MELBOURNE, Australia ― The U.S. Navy has for the first time used a UAV to provide over-the-horizon targeting information and damage assessment for a missile fired from onboard a ship.
In an exercise off Guam on Aug. 22, the littoral combat ship Coronado fired an RGM-84D Harpoon Block 1C missile that successfully struck a surface target at significant distance beyond the ship’s visual range, according to a U.S. Navy news release.
The release said a Northrop Grumman MQ-8B Fire Scout drone and a Lockheed Martin MH-60S Seahawk helicopter, both part of Coronado’s rotary-wing air detachment, provided targeting support for the Harpoon missile.
Speaking to Defense News, the commander of the Navy’s Task Force 73, Rear Adm. Don Gabrielson, said the Coronado’s MH-60S and MQ-8B used radar, electro-optical systems and other sensors to locate the target, pass targeting information back to the ship via data link to refine the firing solution, monitor and assess the missile, and then carry out damage assessment on the target. He noted that this is the first time the U.S. Navy has done so.
The pair of MQ-8B Fire Scout unmanned helicopters onboard the Coronado are fitted with the Telephonics Corporation’s AN/ZPY-4(V)1 multi-mode radar along with the FLIR Systems Brite Star II day-and-night electro-optical turret with a laser-target designator, and they are the first radar-equipped Fire Scouts to deploy onboard the LCS.
This is the second time the Coronado has fired a Harpoon missile, with the ship firing one in July 2016 during the Rim of the Pacific exercise prior to its arrival in Singapore for rotational deployment. The missile was fired as part of a validation program for the missile mounting, and it did not hit its target that time.
The Coronado is nearing the tail end of its one-year rotational deployment to Singapore that started in October last year. Singapore has agreed to eventually host up to four LCS vessels at its Changi Naval Base on a rotational basis, and Gabrielson has hailed the Coronado’s ongoing deployment as “successful from the perspective of both operations and sustainment” in a region that has “over 50,000 islands in the arc from the Philippines to India.”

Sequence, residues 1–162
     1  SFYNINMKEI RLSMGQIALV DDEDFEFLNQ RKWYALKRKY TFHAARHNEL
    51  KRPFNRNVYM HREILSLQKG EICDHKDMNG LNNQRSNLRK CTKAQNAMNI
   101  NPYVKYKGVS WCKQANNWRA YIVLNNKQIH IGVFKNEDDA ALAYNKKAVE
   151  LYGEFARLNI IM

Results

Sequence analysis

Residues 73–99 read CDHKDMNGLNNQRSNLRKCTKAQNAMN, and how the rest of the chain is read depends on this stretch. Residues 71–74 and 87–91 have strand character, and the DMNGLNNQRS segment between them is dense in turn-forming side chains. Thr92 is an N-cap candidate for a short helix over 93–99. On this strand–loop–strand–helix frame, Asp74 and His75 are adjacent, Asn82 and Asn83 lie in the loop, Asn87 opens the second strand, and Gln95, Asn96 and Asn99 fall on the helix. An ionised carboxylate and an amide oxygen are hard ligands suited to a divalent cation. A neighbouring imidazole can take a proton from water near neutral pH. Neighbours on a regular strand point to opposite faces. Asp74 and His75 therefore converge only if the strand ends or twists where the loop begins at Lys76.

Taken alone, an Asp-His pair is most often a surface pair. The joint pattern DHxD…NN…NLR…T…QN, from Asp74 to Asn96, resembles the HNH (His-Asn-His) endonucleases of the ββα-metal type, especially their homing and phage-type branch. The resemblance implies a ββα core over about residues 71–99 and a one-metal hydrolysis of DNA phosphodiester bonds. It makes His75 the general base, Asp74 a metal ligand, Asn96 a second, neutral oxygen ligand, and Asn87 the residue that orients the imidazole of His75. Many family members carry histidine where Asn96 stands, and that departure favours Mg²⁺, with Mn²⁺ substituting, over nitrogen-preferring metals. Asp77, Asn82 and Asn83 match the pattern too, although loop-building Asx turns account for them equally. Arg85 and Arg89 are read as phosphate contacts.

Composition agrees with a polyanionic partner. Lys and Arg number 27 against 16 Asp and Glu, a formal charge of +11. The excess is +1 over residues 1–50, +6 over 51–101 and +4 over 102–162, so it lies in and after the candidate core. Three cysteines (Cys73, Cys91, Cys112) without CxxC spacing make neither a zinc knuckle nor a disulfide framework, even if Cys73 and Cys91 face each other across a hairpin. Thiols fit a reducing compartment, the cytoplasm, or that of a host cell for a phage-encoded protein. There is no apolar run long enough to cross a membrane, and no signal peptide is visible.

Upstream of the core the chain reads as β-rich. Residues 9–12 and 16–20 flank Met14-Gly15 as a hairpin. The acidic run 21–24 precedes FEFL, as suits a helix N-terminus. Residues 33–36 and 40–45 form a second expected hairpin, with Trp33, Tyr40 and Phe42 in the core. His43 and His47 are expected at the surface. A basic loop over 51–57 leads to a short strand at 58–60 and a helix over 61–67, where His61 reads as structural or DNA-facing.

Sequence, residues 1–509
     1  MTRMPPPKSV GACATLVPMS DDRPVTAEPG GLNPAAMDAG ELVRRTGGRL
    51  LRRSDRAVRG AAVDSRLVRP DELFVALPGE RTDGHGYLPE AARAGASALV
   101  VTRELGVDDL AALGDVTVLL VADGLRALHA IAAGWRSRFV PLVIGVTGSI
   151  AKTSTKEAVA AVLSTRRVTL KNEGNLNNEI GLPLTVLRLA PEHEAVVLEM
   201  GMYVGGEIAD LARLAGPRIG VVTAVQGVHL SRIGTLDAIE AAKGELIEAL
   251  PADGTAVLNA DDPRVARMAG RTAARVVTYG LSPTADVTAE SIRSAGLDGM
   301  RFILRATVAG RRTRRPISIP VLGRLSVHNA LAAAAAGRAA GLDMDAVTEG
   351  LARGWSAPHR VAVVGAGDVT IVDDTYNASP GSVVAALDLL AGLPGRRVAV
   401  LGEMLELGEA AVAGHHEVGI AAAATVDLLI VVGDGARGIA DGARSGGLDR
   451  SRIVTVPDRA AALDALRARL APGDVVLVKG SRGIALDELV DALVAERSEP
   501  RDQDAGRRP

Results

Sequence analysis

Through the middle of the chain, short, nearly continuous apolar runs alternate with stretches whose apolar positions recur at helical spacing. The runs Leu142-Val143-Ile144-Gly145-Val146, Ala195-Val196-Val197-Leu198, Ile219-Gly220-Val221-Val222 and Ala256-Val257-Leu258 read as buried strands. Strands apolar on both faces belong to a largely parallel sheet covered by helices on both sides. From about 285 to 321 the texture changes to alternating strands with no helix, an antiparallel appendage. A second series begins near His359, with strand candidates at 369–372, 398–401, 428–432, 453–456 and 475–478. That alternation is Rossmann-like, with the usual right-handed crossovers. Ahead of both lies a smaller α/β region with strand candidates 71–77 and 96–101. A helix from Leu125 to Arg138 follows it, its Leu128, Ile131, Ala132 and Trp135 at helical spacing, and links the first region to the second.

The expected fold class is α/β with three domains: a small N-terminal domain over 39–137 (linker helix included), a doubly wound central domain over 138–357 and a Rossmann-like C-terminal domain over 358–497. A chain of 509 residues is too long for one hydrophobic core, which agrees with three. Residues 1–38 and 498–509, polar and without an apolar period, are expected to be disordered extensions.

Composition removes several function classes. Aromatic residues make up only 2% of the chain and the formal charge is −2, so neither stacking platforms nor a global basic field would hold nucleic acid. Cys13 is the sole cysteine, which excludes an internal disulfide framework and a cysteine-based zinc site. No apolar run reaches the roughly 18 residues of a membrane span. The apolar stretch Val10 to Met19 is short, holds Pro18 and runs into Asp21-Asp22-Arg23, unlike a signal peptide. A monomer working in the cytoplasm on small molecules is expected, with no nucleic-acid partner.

According to Gabrielson, some of the highlights of the year include the demonstration of the LCS expeditionary maintenance capability when it carried out a preventive maintenance availability at Cam Ranh Bay, Vietnam, and taking part in coordinated counter-piracy patrols with the Philippines.
Gabrielson told Defense News that following exercises off Guam, the Coronado will head to Sri Lanka and Indonesia in the next month, where the ship will continue training and interacting with those countries’ respective navies and personnel.
The flexibility built into the LCS design was also touched on by Gabrielson, who noted that the “modularity will be really important in the future to keep the platform relevant.” The LCS is designed to carry out a variety of missions using different mission modules that will be driven by requirements.
This is especially pertinent in the Indo-Asia-Pacific region with its various maritime security challenges, and Gabrielson expects that with “the modularity in systems and people, the ship is going to appear to be proficient in many different techniques and tools, and is an important capability to maintain the security in the region”.
Looking forward, Gabrielson confirmed that the end of 2018 will see two LCS vessels in Singapore on rotational deployments for the first time, with both to be drawn from the Independence-class trimarans that were assigned to the West Coast in the wake of a 2016 LCS review. Five Independence-class ships have been commissioned into service, with three other ships currently being fitted out, another three being built by Austal and a further three on order.
Mike Yeo is the Asia correspondent for Defense News.